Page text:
Hemp might be legal now, but more and more hemp companies are finding themselves in court.
That’s because the booming industry has attracted a mix of new entrepreneurs and get-rich-quick scam artists looking to take advantage of a new market with few established players.
Making matters more complicated for hemp businesses is the fact that many benefits of legalization – notably banking access and crop insurance – could take years to materialize for many, as traditional financial institutions tread slowly in an uncertain industry.
That’s why it’s invaluable to have guidance from those who know the legal landscape.
Hemp Industry Daily caught up with Pittman for a preview of her Dec. 10 talk.
What are the top business challenges you think hemp entrepreneurs need to be aware of right now?
The law is still brand new. Traditional institutions such as banks, insurance companies, venture capital – along with law enforcement – are not all on board yet. Hemp is still a risky business because of its grouping with marijuana for so long.
Entrepreneurs need to be cognizant of this and the evolving nature of the law.
The market’s highly competitive and already crowded and cutthroat. Often, a combination of sophisticated people and less sophisticated people join together, and one party takes advantage of the other.
What should a hemp company do to protect itself?
Entrepreneurs need to spend their money on legal documentation up front to have a “prenup agreement” for when things go south down the road.
What I’ve seen are a lot of “Frankenstein contracts” that were put together on Google. Businesses will paste (a contract) together on Google without a lawyer that knows the business relationship.
Know who you are dealing with, and paper that business or funding relationship correctly.
In short, entrepreneurs need to be aware that not everyone is in this for noble reasons. The market is really lucrative right now, and there’s a lot of greed.
What changes do you see coming to the hemp industry?
The lucrative nature of this market will not continue forever.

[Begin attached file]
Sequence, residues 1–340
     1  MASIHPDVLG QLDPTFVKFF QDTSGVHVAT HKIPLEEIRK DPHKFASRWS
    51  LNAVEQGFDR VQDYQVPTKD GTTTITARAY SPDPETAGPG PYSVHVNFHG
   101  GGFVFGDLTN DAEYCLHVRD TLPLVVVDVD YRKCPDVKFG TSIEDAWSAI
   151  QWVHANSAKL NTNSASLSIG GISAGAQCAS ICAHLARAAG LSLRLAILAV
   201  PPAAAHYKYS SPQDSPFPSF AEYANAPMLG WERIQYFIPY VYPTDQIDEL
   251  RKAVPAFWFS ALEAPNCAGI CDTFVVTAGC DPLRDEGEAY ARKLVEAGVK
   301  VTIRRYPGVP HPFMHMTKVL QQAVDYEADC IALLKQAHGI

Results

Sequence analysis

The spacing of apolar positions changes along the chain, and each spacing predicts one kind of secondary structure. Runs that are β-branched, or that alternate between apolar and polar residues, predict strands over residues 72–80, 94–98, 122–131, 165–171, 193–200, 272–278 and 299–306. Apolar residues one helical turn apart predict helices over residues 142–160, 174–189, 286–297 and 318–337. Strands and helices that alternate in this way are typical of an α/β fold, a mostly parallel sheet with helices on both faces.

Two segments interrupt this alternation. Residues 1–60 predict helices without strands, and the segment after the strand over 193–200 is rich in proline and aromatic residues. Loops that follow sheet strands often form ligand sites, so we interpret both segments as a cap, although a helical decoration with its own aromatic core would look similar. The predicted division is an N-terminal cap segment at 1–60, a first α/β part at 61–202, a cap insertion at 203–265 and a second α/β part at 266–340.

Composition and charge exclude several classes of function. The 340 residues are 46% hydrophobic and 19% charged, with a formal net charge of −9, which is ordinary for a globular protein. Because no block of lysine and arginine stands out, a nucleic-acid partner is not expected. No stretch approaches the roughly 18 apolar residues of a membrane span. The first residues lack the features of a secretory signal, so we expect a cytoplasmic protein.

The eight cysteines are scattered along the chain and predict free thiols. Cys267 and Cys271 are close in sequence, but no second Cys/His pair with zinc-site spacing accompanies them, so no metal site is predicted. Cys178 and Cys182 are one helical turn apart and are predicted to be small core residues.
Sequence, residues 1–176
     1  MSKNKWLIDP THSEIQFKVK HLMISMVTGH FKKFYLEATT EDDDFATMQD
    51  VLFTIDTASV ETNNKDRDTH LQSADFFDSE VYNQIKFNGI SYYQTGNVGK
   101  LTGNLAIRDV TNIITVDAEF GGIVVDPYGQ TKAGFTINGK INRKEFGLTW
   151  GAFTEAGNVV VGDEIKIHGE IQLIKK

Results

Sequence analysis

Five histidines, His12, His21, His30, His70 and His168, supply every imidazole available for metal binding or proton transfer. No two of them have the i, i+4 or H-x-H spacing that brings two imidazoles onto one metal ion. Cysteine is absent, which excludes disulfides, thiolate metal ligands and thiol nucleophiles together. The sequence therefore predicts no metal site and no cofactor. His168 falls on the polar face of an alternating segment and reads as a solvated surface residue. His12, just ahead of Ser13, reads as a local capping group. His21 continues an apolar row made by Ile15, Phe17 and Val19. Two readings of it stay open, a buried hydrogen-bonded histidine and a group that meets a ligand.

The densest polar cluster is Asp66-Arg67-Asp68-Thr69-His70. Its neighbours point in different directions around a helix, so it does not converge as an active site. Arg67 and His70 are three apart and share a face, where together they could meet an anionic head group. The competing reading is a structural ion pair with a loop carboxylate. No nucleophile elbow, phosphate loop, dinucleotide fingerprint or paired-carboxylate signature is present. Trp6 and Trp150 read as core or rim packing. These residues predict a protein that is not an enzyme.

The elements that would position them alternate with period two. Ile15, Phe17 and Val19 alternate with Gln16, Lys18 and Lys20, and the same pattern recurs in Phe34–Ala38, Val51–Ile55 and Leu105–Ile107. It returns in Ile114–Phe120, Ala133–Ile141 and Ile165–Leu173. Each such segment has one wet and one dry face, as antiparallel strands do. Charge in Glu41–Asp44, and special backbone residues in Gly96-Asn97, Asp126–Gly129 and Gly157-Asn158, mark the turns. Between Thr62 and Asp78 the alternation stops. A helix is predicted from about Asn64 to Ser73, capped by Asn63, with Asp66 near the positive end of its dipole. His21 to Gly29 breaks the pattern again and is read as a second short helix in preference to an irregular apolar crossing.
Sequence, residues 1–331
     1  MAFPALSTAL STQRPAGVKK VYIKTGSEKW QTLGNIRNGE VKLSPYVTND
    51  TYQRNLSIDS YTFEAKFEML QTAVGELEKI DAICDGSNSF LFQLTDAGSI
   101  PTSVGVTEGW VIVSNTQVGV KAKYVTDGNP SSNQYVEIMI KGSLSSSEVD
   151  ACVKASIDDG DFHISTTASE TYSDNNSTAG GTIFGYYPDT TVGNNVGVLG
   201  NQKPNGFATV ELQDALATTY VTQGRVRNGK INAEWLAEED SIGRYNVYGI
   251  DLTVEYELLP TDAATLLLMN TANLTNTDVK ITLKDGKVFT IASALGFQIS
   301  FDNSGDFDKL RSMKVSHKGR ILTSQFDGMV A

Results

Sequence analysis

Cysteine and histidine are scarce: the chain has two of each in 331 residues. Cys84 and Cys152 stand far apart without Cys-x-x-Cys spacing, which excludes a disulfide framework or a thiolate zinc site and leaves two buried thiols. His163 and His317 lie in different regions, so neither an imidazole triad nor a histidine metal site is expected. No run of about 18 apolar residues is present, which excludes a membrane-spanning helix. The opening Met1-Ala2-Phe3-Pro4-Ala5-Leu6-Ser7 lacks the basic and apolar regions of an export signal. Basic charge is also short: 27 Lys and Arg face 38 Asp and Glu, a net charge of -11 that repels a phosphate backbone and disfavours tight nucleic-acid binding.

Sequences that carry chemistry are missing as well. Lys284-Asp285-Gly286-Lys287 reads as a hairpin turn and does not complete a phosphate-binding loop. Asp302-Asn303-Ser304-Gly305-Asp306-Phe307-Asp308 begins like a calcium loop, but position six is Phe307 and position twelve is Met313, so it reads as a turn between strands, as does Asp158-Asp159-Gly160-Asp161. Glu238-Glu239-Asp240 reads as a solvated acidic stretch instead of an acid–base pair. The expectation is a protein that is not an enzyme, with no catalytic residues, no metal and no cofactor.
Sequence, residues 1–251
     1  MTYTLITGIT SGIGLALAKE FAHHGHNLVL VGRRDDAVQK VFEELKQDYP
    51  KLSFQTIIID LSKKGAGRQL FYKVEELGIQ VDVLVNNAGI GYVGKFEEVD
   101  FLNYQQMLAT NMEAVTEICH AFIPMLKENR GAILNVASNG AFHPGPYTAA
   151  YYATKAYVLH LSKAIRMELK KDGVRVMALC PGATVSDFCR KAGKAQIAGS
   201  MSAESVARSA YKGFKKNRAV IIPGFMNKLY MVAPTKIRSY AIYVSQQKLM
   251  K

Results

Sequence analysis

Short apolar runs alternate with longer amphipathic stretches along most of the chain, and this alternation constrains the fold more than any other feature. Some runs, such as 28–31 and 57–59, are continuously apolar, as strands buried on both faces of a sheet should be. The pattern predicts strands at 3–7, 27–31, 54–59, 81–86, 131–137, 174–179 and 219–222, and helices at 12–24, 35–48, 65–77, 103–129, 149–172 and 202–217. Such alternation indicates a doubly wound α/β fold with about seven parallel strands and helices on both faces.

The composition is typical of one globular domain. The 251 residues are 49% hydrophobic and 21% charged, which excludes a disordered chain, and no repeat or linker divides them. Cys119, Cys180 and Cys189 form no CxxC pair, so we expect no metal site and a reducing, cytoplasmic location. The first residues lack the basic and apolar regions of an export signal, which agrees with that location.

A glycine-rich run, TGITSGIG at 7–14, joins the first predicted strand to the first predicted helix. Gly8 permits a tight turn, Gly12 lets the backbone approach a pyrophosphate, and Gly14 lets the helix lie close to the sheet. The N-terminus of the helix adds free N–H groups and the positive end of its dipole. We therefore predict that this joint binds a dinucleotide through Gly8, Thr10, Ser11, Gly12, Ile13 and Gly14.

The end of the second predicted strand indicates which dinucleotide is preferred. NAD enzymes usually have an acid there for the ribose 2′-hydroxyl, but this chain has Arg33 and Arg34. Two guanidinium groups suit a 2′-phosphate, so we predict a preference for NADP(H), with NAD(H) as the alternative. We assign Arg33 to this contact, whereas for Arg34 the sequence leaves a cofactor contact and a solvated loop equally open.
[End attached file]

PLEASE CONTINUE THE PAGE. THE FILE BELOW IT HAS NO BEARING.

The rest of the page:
I predict a three- to five-year window of opportunity here before hemp becomes a commodity, prices flatten and mass consolidation occurs.
Entrepreneurs need to be realistic about the basic principles of supply and demand – and plan their long-term strategies accordingly.
What about the legal and regulatory changes?
Hemp is being regulated by the USDA and in many states like “mini-marijuana,” I call it. It’s going to be hard to comply with the USDA’s new rules. And, also, each state has a different political and legal (approach) toward hemp which entrepreneurs need to be aware of.
Entrepreneurs also need to be aware that (the U.S. Food and Drug Administration) governs CBD and (also) aware of the cautions that have to be taken with the marketing of CBD products and getting into the CBD market.
Be aware that we’re still waiting on guidance on how those products will be regulated in the future before you get too far down the road with a product that may not be allowed, such as food.
We hear a lot of complaints about hemp brokers. Do you see a lot of broker disputes in your practice?
Yes. There is a lot of backstabbing and some unsavory practices going on here in this area, to the point where it’s become a dark underbelly. But it’s been the nature of the beast (because), under the 2014 Farm Bill, hemp was extremely sought after.
So there are some folks that really take advantage of that market.
But I think that as more states come online and produce hemp and there’s greater supply, the prices will come down. I believe they already have quite substantially.
And once rules are finalized, transparent marketplaces will emerge that are safe and compliant.
You practice in Texas, where commercial hemp production doesn’t start until 2020. Is Texas at a disadvantage because it is new to the hemp industry? Or could it be an advantage to wait for a USDA framework before starting a new commercial industry?
I predict Texas will be the largest hemp grower in the country in three to four years.
We’re already the largest traditional crop grower and second only to California (in overall agriculture) because of its wine industry. Because of oil and gas and tech and other industries, Texas will become a leader in the processing of hemp as well.
Texas has been in close communication with the federal government in the preparation of its draft rules.
It’s been good for Texas to observe what’s been going on in the market. And to look at how other states have been dealing with the roller-coaster market of supply and demand before it lets its farmers jump into this fray of a risky crop.
This interview has been edited for length and clarity.
Kristen Nichols can be reached at email@example.com